All good things must come to an end.
Old Gray, my faithful 2006 Ford F-150 pickup, is the best truck I have ever owned. Saying good-bye to this rig that has taken me on hundreds of hunts both near and far was a sad day.
But what better way to end our time together than a final pheasant hunt on familiar ground?
Next week, Old Gray’s duties will be assumed by a Ford Ranger pickup I have tentatively nicknamed Move-Along Rouge. Rouge will not have the career that Gray has enjoyed; I simply do not have that many years of hunting left in me. But it is time for a change, and Rouge will be better suited to tow our Scamp trailer to the warmth of the Southwest states each winter.
It is time for a change. But I’m going to miss this old Ford F-150. A lot.
Gray wasn’t always old, of course. He was a youngster when he became my truck in 2008. That was the year my ’93 GMC pickup, Rugged Red, was clearly ailing and failing and had reached the stage of its mechanical life when I could no longer depend on it to make another journey to the high plains shortgrass prairies for a sharptail grouse hunt.
Rugged Red was a damned good truck, but looking back, it did not measure up to Old Gray’s many years of hard work, long drives, and trouble-free service. This reliable charcoal gray F-150 never gave me much mechanical trouble, except for an exhaust recycling valve on one Nebraska Sandhills hunt (which was easily replaced by the local Ford dealership in Valentine), and a worn-out universal joint in the steering column (which was repaired in one day by the local Ford dealership in my hometown of Decorah).
The pickup’s 4.6-liter Triton V8 engine did everything I asked of it: towing boats and trailers, off-roading in 4WD, firewood hauling, farm work, pulling other vehicles out of ditches, stretching barbed wire for fencing, and traveling highways and byways for more than 130,000 miles on hunting and camping trips. On Old Gray’s final day, that engine was running as smoothly as it did 14 years ago when I drove it off the Ford sales lot.
Old Gray hauled more than 20 field-dressed deer carcasses from our woodlands and hayfields over the years, but more important from my point of view were the countless upland gamebirds that came home packed in coolers and crates from our days of hunts with dog and shotgun: pheasants, quail, sharptail grouse, prairie chickens, ruffed grouse, woodcock, doves, and one unfortunate snipe.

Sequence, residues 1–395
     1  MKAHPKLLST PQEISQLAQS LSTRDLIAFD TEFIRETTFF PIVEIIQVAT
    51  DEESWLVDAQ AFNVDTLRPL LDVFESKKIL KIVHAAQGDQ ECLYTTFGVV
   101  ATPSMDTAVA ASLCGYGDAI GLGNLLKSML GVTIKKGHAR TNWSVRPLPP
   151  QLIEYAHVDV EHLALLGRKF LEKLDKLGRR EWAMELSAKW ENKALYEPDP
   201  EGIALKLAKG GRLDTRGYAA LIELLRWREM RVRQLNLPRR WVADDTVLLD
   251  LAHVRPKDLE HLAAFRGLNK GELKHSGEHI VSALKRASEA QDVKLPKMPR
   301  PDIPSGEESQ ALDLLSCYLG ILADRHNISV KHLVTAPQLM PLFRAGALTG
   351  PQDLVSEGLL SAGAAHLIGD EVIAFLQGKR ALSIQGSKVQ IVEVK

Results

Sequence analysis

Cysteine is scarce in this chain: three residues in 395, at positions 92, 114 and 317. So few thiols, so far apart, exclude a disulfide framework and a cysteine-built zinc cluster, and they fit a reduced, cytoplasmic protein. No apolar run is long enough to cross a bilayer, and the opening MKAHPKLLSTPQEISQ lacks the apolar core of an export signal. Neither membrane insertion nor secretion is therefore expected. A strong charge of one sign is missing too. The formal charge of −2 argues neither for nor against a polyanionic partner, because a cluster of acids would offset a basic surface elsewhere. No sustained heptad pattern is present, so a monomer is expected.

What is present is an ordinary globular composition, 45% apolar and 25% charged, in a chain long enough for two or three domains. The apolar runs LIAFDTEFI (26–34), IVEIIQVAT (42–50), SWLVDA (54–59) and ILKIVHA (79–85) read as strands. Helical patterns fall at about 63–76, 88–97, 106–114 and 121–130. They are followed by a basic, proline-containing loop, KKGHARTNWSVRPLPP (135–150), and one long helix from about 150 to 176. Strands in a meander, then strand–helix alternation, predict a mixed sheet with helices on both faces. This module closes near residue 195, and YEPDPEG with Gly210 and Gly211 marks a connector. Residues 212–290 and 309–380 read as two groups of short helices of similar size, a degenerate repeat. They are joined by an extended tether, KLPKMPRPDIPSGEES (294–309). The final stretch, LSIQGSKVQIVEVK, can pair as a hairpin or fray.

Gray took me on hunting trips all across Iowa and to North Dakota, South Dakota, Nebraska, Kansas, Minnesota, and Wisconsin. He rolled along highways in at least eight other states on holiday and vacation trips, usually carrying a birddog or two. The subtle odor of wet dog was part of Old Gray’s ambience. So were feathers and dog hair. And a trace of cigar smoke.
I wish I could say that my final bird hunt with Gray was a perfect day with a bag limit of three roosters, but December pheasant hunts seldom work out that way. My French spaniel Abbey and I parked Gray on the east side of a 150-acre CRP field that was a thick mass of head-high switch grass and did our best to keep track of one another as we plowed our way through. In the course of two hours of hard hunting, we put up six pheasants, three hens and three roosters. I took shots at two of the roosters and knocked one down.
Abbey could not mark the bird down, but when I led her to the place it had fallen and told her “Hunt dead!” she found the bird’s scent and tracked flawlessly. Unfortunately its trail led to a bulldozed pile of trees and brush, a house-size tangle that had once grown in the field’s waterway. Abbey yipped and barked in frustration as she dug at the six-foot-high jumble of tree trunks and branches, trying to squirm her way down through. I unloaded my gun and tried to help by pulling away snarled limbs, but down in the depths of the pile I could see a much twisted and bent 10-inch corrugated steel culvert.
Abbey stuck her head inside the pipe, and her yips became more frantic as she sought to grab what must have been the just-out-of-reach rooster. I called her off, fearing that she would get her head and shoulders wedged and I would be unable to reach her to pull her out.
“Sometime this kind of stuff happens,” I told her. I may have used a harsher word than “stuff.”
“I could have had him!” Abbey complained. But I’m not risking injury to my wonder dog for a rooster that outsmarted us.
So it was that Gray’s final bird hunt produced no birds, as many of them have over his nearly 14 years of the chasser life. Maybe that was a fitting end, a tacit understanding that “There will be other days ahead.”
And I hope there will be more days of bird hunting ahead for this old truck, even though they will not be with me. Good-bye, Old Gray. I’m going to miss you.